Mogwai: Hardcore Will Never Die, But You Will Review
It’s hard to talk about “post-rock” without discussing the uselessness of the term, and, similarly, it’s hard to write about Mogwai without considering their place within a genre that semantically might as well not exist. Formed in 1995, Mogwai is one of post-rock’s “Big Five,” and it is the band’s masterful, then-innovative use of quiet-loud dynamics that still marks (or plagues) the genre. As much as Mogwai may scorn its empty qualifier, they will forever be haunted by its legacy. Luckily, they’ve learned to see through the ghost.
Last year I generously deemed Mogwai’s last release, a live album called Special Moves, a “well curated live set of newer and classic Mogwai songs.” Hardcore Will Never Die, But You Will couldn’t be more different. Mogwai’s seventh studio album not only downplays the crescendo-release song structure the band proliferated, but also artfully borrows from influences not often heard in post-rock releases: foggy stoner rock and comatose post-punk.
As fraught and rash as any Joy Division song, “Mexican Grand Prix” marches forward with a charming, non-committal abandon and daftpunky vocals. This song, as well as “George Square Thatcher Death Party” and “How to Be a Werewolf,” throttles you with Sunny Day Real Estate-esque melodrama, wanders like a Smashing Pumpkins jam session, and competes with A Place to Bury Strangers for the “goriest ear-surgery award.” Channeling the Jurassic slowness of Neurosis-riffage, lead single “Rano Pano” and “You’re Little Richard” are the manifest sounds of tectonic indifference and cavernous despair. Buried under crashing waves of distortion is a painfully dark album.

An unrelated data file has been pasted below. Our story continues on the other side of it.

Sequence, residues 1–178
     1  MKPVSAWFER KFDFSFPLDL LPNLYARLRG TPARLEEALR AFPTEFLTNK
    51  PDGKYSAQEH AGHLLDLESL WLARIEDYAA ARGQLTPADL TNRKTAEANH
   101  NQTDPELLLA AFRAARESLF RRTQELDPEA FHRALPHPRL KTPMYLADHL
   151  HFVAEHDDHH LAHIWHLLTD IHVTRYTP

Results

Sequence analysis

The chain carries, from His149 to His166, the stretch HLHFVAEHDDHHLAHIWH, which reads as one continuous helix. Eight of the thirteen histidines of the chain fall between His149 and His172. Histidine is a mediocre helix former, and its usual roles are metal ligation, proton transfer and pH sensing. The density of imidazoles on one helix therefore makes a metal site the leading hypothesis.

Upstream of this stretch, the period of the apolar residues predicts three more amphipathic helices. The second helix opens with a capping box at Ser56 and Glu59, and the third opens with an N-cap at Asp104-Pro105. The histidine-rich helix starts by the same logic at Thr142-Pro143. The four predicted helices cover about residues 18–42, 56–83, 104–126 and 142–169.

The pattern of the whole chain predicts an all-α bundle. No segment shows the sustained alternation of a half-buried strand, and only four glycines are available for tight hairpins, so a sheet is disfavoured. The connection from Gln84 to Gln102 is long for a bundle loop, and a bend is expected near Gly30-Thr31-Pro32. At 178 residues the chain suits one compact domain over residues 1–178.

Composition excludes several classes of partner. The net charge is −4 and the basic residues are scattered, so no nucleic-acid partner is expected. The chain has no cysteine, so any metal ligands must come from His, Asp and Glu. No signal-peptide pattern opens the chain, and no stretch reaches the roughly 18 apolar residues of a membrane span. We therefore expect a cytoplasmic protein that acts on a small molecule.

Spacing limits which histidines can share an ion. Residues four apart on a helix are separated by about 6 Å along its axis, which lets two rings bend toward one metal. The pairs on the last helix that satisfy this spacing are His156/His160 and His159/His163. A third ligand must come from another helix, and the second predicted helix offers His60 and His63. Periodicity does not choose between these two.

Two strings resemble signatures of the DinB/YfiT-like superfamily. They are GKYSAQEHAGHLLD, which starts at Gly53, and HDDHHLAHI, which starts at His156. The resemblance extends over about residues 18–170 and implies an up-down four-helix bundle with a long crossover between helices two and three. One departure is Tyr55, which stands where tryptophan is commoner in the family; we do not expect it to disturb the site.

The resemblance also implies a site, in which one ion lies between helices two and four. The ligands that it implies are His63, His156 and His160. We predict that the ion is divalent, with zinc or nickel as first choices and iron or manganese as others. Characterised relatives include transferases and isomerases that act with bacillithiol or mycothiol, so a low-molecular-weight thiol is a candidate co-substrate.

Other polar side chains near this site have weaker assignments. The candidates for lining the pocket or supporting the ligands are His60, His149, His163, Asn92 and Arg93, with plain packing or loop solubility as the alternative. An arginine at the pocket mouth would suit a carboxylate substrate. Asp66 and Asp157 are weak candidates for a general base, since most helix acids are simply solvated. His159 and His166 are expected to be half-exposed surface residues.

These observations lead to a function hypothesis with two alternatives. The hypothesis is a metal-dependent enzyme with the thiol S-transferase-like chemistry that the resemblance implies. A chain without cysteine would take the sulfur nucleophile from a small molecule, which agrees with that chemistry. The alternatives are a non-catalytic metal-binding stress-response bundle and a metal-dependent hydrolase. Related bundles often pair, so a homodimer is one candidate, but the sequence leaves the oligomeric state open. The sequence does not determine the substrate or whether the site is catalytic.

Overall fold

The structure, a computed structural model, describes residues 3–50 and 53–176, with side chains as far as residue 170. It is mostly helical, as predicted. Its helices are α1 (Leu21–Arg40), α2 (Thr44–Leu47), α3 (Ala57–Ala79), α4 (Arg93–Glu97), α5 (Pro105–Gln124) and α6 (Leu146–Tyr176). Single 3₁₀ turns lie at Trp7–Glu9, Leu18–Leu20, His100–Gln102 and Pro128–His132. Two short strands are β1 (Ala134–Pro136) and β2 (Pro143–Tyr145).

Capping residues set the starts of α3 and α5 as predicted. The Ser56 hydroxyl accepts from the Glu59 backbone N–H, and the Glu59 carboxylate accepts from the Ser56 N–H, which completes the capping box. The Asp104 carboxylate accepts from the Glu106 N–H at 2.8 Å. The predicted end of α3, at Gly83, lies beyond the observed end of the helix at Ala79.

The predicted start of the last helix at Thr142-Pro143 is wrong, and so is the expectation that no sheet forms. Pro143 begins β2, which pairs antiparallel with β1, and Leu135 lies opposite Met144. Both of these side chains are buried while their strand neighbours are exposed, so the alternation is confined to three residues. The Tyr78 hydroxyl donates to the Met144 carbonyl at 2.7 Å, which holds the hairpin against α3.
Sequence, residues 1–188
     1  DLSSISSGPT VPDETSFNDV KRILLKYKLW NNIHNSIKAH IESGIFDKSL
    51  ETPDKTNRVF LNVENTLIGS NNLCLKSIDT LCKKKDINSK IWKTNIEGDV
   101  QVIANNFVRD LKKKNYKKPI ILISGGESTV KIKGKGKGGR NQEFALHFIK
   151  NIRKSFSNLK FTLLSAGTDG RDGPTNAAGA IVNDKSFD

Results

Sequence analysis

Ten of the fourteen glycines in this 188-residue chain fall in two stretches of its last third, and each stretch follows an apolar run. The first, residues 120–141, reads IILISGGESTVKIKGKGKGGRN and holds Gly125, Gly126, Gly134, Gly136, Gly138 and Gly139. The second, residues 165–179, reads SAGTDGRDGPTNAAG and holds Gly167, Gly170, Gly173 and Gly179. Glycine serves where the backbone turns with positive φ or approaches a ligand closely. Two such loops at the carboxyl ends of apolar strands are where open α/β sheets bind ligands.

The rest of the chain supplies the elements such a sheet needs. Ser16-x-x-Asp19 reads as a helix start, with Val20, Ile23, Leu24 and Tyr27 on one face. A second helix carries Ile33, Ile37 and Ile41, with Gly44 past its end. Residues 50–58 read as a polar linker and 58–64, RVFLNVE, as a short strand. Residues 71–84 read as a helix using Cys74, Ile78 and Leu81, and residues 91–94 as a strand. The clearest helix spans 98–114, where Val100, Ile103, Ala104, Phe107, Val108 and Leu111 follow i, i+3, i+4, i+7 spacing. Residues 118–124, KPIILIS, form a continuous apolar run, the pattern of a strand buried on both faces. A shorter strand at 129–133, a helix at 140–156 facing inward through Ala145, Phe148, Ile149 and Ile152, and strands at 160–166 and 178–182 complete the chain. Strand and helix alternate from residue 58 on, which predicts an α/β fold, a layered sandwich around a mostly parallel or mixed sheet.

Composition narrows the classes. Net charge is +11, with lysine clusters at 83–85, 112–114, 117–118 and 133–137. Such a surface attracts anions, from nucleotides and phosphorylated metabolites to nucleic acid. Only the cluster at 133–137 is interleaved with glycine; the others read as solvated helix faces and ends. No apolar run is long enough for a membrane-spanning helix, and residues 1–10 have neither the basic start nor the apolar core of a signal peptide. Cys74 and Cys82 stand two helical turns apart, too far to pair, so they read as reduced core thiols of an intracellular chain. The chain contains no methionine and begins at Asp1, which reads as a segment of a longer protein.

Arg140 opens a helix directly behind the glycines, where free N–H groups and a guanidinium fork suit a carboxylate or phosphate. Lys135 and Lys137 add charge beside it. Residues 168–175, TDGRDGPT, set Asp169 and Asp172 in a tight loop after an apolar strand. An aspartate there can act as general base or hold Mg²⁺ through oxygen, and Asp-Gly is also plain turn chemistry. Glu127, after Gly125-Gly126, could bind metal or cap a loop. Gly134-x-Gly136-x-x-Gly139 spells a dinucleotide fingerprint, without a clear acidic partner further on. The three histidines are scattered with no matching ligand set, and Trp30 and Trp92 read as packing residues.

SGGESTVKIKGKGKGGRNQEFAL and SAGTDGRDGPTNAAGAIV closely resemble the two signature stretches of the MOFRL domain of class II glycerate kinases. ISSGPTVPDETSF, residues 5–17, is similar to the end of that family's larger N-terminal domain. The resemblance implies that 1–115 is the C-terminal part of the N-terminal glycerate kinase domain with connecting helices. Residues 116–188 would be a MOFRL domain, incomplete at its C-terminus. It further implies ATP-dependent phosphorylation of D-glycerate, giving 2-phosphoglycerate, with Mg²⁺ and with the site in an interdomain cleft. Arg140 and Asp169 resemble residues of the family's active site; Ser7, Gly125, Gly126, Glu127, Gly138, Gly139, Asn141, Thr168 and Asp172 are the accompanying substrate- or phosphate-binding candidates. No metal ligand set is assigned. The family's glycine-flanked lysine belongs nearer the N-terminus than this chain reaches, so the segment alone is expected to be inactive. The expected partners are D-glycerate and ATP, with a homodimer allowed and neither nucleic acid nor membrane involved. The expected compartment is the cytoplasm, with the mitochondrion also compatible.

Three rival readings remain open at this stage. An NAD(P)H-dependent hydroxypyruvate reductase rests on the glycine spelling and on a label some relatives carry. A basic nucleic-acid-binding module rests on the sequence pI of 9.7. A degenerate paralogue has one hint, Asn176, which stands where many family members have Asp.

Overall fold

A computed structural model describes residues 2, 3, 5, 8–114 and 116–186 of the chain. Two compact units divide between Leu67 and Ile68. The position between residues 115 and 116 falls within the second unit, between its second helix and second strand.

Many of the first post-rock bands—Slint, Talk Talk, and Bark Psychosis among them—were masters of postmodern jujitsu: They turned the stale tropes of rock music against each other to create something bold, experimental, and cathartic in the same way that rock axed out a new aesthetic from blues. Wary of getting cozy with a stereotype, Mogwai have reclaimed the history of their genre: making an extravagant palace for yourself out of the ruins of another.
— Will Wlizlo (the Utne Reader)
Hardcore Will Never Die, But You Will will be available on 2/15 via Sub Pop
Very well written review, particularly exploring the humorously irrelevant label that is “post-rock.” I just got the album and think it’s one of the best things Mogwai has done in many years. “Happy Songs For Happy People” remains my favorite Mogwai record, with perhaps “Rock Action” being a close second. Haven’t heard Bark Psychosis. I will check them out. Thanks for the info 🙂